Do Houston Rockets Need to Build a Superteam?

John WilmesContributor IDecember 4, 2013

SAN ANTONIO, TX - November 30: James Harden #13 of the Houston Rockets controls the ball against Kawhi Leonard #2 of the San Antonio Spurs at the AT&T Center on November 30, 2013 in San Antonio, Texas. NOTE TO USER: User expressly acknowledges and agrees that, by downloading and or using this photograph, user is consenting to the terms and conditions of the Getty Images License Agreement. Mandatory Copyright Notice: Copyright 2013 NBAE (Photos by D. Clarke Evans/NBAE via Getty Images)
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The Houston Rockets came into the season with huge expectations—so far, they’re just about meeting them. But how close are they to a championship?

The team’s 13-6 record is quite impressive in the stacked Western Conference, but a lot of questions remain regarding their ability to beat the crème de la crème of the league in a seven-game series.

It’s unclear whether they’ve got the right assemblage of stars, role players, coaching and identity to take down the Oklahoma City Thunder, San Antonio Spurs or even Golden State Warriors. Let’s not even get started on the Miami Heat.

The temperature of the league has, for years, suggested that an extra superstar is the solution to the problem of sitting on the fence between winning a championship or not.

But the Rockets would be wise to make only relatively minor tweaks—some extra defensive specialists on the perimeter could certainly help them—and largely focus on developing what they’ve got.

No one has come closer to dethroning the Miami Heat than the Spurs and Indiana Pacers, both of whom put a scare into the kings by developing mid-round draft picks and establishing thorough, obsessive team structures and chemistry.

SAN ANTONIO, TX - November 30: Patrick Beverley #2 of the Houston Rockets drives against the San Antonio Spurs at the AT&T Center on November 30, 2013 in San Antonio, Texas. NOTE TO USER: User expressly acknowledges and agrees that, by downloading and or
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The good news for the Rockets is that they have all of the key pieces to do the same. In Dwight Howard and James Harden, they have an elite rim defender and scorer, as well as two guys who have been to the NBA Finals already.

They’ve also got a GM in Daryl Morey who knows how he wants his team to play and has a long-term eye to unique basketball identity.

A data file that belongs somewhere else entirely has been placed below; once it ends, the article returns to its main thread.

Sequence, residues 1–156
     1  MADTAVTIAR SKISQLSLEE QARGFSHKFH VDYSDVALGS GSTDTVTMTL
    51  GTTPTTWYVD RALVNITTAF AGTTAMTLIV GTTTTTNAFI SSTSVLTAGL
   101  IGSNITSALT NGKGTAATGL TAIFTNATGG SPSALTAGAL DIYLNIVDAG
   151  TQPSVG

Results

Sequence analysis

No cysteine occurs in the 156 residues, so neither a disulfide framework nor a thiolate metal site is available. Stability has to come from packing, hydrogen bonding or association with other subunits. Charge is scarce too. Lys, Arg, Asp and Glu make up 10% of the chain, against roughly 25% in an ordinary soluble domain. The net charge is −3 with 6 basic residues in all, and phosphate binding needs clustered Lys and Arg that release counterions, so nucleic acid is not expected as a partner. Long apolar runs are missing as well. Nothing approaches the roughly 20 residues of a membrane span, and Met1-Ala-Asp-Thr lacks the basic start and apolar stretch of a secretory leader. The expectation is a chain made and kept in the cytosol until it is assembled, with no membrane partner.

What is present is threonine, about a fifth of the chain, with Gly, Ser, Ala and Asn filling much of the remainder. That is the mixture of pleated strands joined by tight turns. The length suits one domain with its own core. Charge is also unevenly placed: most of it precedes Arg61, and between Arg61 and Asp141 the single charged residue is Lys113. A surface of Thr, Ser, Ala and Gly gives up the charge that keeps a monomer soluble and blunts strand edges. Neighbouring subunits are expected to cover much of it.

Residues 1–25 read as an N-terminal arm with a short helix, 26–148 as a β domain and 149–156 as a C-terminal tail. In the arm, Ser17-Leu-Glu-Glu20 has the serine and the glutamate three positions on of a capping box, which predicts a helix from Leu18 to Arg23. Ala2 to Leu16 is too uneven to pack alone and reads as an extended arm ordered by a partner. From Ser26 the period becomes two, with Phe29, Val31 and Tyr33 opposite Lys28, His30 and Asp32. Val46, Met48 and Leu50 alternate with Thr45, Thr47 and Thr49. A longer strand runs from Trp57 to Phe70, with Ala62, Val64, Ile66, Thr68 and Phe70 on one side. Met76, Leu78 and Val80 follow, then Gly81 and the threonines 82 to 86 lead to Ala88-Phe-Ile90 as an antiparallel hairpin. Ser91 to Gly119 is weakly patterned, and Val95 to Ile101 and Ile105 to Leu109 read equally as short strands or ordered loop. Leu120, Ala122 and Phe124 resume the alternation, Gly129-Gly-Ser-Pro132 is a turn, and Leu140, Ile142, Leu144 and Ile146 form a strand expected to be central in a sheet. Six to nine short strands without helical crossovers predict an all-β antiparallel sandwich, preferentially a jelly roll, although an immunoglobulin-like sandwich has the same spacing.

Add to that their knack for developing young talent—we’ve seen both Patrick Beverley and Terrence Jones break through out of nowhere, in less than a year—and it seems like a mistake to make any drastic changes to this Houston architecture.

A fine-tuning is more what they need. A bit of continuity. All of the league’s title favorites (Miami, Indiana, San Antonio, Oklahoma City) have something in common beyond their immense talent and great coaching—they’re all very set in their cores.

They have players who are incredibly comfortable with each other. They move the ball and maintain defensive strings like a husband kisses his wife, like a doggy barks at the mailman.

How many times can the Rockets afford to reset? At what point do they decide they’ve already got the right core, that it’s time to maximize what they have instead of peering toward the illusion of greener grasses? Are they playing for this year, or next?

SALT LAKE CITY, UT - DECEMBER 02:  Gordon Hayward #20 of the Utah Jazz shoots around Dwight Howard #12 of the Houston Rockets at EnergySolutions Arena on December 02, 2013 in Salt Lake City, Utah. NOTE TO USER: User expressly acknowledges and agrees that,
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In either case, another mega trade is not the answer. Unless LeBron James or Kevin Durant is walking through that door, the best extra man that Houston can use is any number of mere role players. Or, more abstractly, he is already there. He is themselves, but more unified, more cohesive and better-oiled.

Just like the Spurs, the Rockets have nearly created a long-standing revolving door for supplementary talent next to their foolproof coaching and small-but-hard player core. They can now afford to turn their attention to what’s already there and enhance themselves on an internal basis.

In terms of player movement, the hard part is over for Houston. Their following action in free agency and trading should take on a much more subtle nature.

So while it’s often the splashy acquisition that catches the eye and the headline, fans of good basketball and playoff success in Houston should be excited and tizzied by the prospect of standing mostly pat.

They’ve got the horses, and they’ve got the philosophy. Now it’s time to put the two together and yield a team.